US 4517971 A
A device for protecting a venipuncture site and retaining a catheter and intravenous tubing at said site, without binding said catheter and tubing or occluding the flow therethrough. Easy accessibility to the venipuncture site and retention site is provided by a hinged cover. Much pain and discomfort associated with frequent removal of adhesive tape from a patient's skin, repeated venipuncture and trauma due to irritation caused by inadvertent catheter movement are eliminated or substantially eliminated because the catheter is disposed in a protective environment.
1. A venipuncture guard for a medical patient comprising:
2. A non-occluding, non-crimping retainer for use with an indwelling cannula and connected tubing in conjunction with a medical patient comprising:
3. A retainer according to claim 2 wherein the anti-displacement means comprise means around which the tubing is wound to create at least one reverse curve in the tubing.
4. A non-occluding, non-crimping retainer for use with intravenous tubing and the like in conjunction with a medical patient comprising:
5. A device which guards a venipuncture site of a medical patient and retains the position of intravenous tubing spanning from the venipuncture site to a location exterior of the device, the device comprising:
Reference is now made to the accompanying drawings wherein like numerals are used to designate like parts throughout. FIGS. 1-8 illustrate a combination device comprising a venipuncture site guard and a catheter and IV tubing retainer, generally designated 10. Device 10 is preferably formed of semi-soft, flexible, clear, shape-retaining synthetic resinous material using conventional molding techniques. Device 10 comprises two distinct though integral sections, i.e. a venipuncture site guard section and a catheter and tube retaining section, generally designated 12 and 14, respectively. Device 10 can also be used in conjunction with urinary drainage tubes. The size of device 10 may vary depending on intended use.
The device 10 comprises a base 16, an openable cover or lid 20 (which is hinged at site 18) and forward and rearward adhesive strips 23 and 24, respectively.
Placement of the device 10 on the wrist of a patient 8 using the adhesive strips 23 and 24 is illustrated, by way of example, in FIG. 1. It should be readily apparent that the device 10 may be used at other sites on the body of the patient.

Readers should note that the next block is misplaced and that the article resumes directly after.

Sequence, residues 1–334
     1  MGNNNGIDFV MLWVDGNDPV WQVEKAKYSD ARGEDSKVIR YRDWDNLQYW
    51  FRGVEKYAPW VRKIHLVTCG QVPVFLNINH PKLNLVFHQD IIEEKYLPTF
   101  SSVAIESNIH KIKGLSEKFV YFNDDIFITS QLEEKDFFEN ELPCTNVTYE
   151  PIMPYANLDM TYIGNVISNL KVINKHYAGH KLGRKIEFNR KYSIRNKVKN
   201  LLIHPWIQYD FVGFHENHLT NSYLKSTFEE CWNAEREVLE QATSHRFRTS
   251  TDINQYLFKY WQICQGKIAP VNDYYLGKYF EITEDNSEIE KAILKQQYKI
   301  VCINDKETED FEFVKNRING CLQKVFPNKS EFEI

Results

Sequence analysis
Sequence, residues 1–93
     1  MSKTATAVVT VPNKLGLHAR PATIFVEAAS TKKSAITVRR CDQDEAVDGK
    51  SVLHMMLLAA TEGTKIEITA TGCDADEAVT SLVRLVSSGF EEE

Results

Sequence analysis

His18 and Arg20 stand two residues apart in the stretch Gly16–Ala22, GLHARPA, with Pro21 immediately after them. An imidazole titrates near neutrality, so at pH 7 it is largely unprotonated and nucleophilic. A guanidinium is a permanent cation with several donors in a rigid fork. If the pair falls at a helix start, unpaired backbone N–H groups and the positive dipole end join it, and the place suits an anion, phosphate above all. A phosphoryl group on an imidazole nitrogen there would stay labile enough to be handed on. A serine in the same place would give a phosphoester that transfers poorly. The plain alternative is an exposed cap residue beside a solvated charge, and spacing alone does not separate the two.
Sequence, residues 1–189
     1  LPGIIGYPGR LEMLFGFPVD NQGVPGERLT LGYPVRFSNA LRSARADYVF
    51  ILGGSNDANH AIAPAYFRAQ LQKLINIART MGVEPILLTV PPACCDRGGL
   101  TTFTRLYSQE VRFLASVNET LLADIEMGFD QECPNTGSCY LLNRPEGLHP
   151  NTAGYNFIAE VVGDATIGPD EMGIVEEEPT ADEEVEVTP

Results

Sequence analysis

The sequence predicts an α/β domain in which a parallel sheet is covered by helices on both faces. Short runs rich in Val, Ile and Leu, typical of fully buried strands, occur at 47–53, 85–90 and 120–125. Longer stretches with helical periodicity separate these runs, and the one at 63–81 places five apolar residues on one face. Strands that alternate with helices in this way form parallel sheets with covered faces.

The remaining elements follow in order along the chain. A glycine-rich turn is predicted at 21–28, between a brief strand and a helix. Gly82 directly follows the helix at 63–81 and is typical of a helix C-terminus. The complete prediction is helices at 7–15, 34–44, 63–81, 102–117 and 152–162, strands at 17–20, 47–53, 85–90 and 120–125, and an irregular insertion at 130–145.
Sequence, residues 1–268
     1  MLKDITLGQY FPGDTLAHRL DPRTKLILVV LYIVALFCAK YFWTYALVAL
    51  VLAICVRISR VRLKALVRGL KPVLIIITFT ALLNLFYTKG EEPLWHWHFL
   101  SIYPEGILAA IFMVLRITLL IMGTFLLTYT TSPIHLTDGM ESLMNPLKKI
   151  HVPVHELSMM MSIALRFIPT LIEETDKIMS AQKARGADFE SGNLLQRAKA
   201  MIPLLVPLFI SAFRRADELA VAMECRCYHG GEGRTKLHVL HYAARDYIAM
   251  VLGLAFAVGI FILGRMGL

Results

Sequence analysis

More specifically, the base 16 comprises a generally arrow shaped substantially planar shape-retaining part, best illustrated in FIG. 3. Base 16 is preferably formed of one piece molded construction using synthetic resinous material and is, preferably, transparent. The base 16 comprises flat opposed side flanges 30 and 32 disposed in a common plane.
In those situations where it is desired to place the device 10 over an existing venipuncture site having an indwelling cannula, it is presently preferred that one of the flanges 30 or 32 be severed midway along the opening 48. In this regard, reference is made to FIG. 3, which illustrates such a slit 33 across flange 32. By relatively displacing the portions of flange 32 adjacent the slit 33 with the cover open, the existing indwelling cannula and/or intravenous tubing connected thereto may be passed through the gap so created at slit 33 to correctly position the device 10 around the existing venipuncture site. Thereafter a suitably sized piece of adhesive tape or the like can be placed along flange 32 over slit 33 to retain the base 16 in the configuration shown in FIG. 3.
A forward arch 34 bridges between the flanges 30 and 32 and defines an arched cavity 36 thereunder. Likewise, a bridge 38 integrally spans between the flanges 30 and 32 at the trailing ends thereof to define an arched cavity 40 thereunder. The base 16 is illustrated as being of uniform relatively narrow thickness throughout.
The bridge 34 defines two offset and integral hollow spools or annular cylindrical anchors 42 and 44, each of which projects generally perpendicular to the plane containing flanges 30 and 32. The anchor spools 42 and 44 are illustrated as each having the same outside diameter and each defining a hollow circular interior 46 of equal radius. The spools 42 and 44 serve to restrain IV tubing and to latch the lid 20, as hereinafter more fully described.